Great cleans and that Boogie sound*
Within maybe ten minutes of unpacking this thing I was able to get a really nice, thick and full distortion. For me the key was getting the right balance between the Master Volume and the Recording Output knobs. If the MV is turned all the way up you'll barely be able to turn the RO up at all without clipping and blowing out your monitors. The result? A crappy, fizzy, buzzy, "Why the hell did I pay so much for this thing?" type sound. Do the opposite and turn the MV down and the RO up. The result? Unconvincing, disappointing sound and frustration at having shelled out so much for something that doesn't even compare to Logic's amp sims or even the Zoom G9.2tt. For a convincing distortion the Master Volume must be at least 50%. I believe this has a lot to do with the "air" you'd get with a real mic and cab setup. Maybe move it up even more to find the sweet spot while also dialing in the perfect amount of RO. Bottom line is: the tone is there, you just have to spend some time with those two knobs to find it. Tailor the sound with the EQ and Presence. Once you spend the time you'll be glad you did.
*By itself I have a hard time believing I could use it and nothing else to get a nice usable distorted tone recorded. Maybe I am wrong and I intend to spend a lot more time trying to prove otherwise. But A/B'ing with a cab/mic patch and just the unit itself, I was not convinced with only the Recto Pre. And this thing shouldn't need a mic/cab sim but so far in my limited time with the unit it does.
And my signal chain for this was: Carvin CT3 to Recto Pre to MOTU 896 mk3 into Logic 9.
On the other hand, insert a cab/mic modelling effect on your input channel and viola. It's there. Throw in a little parametric EQ and you'll be smiling. I ran an instance of Logic's Amp Designer, but only for the cab and mic sim. I used a condenser with a 4x12 cab...of the Mesa clone of course. Moving the mic around uncovered the sweet spot. Adjusting the Master Volume on the Logic amp pushed the sound exactly where it needed to be. The result is just what I was looking for. Thick and full with that Mesa bottom end. I've used the same approach with my J Station (Yeah. Remember that thing?), and Zoom G9.2tt and have created some really nice distortions. With the Recto Pre I beat 'em all. I wasn't able to get the bottom end with the others; with the Mesa I was able to find it no problem.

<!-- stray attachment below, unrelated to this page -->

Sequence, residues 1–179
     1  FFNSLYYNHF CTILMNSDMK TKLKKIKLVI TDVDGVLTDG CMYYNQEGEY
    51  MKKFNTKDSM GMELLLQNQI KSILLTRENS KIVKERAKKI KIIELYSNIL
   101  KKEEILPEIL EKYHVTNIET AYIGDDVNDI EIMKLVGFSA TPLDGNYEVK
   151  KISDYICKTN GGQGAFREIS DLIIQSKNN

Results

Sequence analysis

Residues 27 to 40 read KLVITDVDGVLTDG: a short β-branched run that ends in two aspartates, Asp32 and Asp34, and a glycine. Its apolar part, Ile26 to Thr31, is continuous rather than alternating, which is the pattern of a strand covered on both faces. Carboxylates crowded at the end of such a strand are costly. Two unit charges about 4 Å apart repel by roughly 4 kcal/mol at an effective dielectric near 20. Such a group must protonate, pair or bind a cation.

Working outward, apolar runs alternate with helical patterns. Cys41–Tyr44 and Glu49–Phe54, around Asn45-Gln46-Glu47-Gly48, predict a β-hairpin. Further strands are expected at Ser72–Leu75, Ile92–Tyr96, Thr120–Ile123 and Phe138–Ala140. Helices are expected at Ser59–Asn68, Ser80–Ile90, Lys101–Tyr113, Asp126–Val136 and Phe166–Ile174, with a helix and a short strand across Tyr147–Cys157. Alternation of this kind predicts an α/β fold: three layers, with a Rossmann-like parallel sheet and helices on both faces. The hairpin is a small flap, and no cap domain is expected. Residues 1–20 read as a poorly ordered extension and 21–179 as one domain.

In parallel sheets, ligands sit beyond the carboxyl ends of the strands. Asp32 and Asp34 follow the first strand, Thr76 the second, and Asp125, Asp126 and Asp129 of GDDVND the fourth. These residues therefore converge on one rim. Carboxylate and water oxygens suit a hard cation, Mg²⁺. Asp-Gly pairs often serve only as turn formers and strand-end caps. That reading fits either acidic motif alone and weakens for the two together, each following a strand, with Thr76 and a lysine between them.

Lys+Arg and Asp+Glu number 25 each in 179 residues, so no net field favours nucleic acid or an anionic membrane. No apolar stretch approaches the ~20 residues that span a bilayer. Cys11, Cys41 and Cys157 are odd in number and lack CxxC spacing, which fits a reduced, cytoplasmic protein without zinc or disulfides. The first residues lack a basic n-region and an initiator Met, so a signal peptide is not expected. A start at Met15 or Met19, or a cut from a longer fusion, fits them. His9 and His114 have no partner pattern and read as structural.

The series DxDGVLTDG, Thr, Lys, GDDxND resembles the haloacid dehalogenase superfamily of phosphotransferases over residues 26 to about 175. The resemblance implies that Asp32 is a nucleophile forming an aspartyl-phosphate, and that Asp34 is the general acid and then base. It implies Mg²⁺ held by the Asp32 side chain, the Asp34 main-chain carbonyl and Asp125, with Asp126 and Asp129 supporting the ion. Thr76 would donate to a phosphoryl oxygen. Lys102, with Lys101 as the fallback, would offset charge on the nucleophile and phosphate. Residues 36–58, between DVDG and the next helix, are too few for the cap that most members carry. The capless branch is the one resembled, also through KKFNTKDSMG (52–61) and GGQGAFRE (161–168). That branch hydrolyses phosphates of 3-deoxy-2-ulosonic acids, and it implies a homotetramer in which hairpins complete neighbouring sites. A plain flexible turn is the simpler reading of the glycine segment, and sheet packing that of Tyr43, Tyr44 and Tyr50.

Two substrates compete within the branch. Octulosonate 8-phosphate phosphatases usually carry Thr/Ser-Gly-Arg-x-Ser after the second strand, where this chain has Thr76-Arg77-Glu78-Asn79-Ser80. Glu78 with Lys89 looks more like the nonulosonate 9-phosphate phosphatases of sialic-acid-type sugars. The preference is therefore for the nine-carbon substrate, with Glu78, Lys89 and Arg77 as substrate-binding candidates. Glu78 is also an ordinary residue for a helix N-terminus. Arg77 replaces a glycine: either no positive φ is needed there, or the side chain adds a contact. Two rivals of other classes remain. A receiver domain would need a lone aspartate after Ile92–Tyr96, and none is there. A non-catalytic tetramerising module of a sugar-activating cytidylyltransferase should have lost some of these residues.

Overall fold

You have three distortion modes to choose from on Ch. 2: Raw, Vintage and Modern. My favorite is the Vintage. It has just the right amount of mean distortion with that fat bottom end to suit my tastes. I find the Raw is almost there and the Modern will take some time to tame. Each of those has their uses of course and I can see countless hours tweaking using all three modes to conjure up just about anything I might want. Could I get the EL84 tone with this unit? I doubt it. But I hardly believe anyone who buys this does so to nail that sound, nor do I believe for a second Mesa ever thought of going the modelling/let's-try-to-get-every-amp sound-ever recorded route. The Recto Pre does what it does and does it well, but the user is required to do a little knob twisting.
So how is Ch. 1, i.e. the Clean Channel? Couldn't be happier. With all the tubes in this thing, you get a really nice clean. Want some breakup? No problem. Adjust the gain a bit and you'll find it. Want as clean as can be? You can get there too. Just plug in and go on the clean channel. If the Recto Recording Pre were simply a high-end preamp I'd be more than happy with the price paid. My former favorite way to record cleans was UA 710 TwinFinity to ART Pro VLA2 to MOTU 896 mk3. Not any more.
I have yet to try this unit as part of a power amp setup driving a 4 or 2x12. I doubt I ever will but the option is there.
No on board effects are included, but if you must plug in some effects simply use the F/X loop.
Hopefully I can write a follow up review after spending a lot more time with this preamp. I'm darn sure going to try to only use the Recto Pre without any help recording distorted guitar.
If I've given it an honest try after a month or so and still can't nail that Recto sound, I won't be a bit disappointed. As long as the cab/mic sims are there I won't complain one bit with the finished product. I'll be 100% content with the sounds I am recording with this unit. It's definitely worth the price paid even if all I ever did was record my clean guitar parts. But I won't do that. I like what I hear so far and this is just the beginning.
Typical Mesa build quality, lots of tubes and 100% made in America. Well worth the price paid.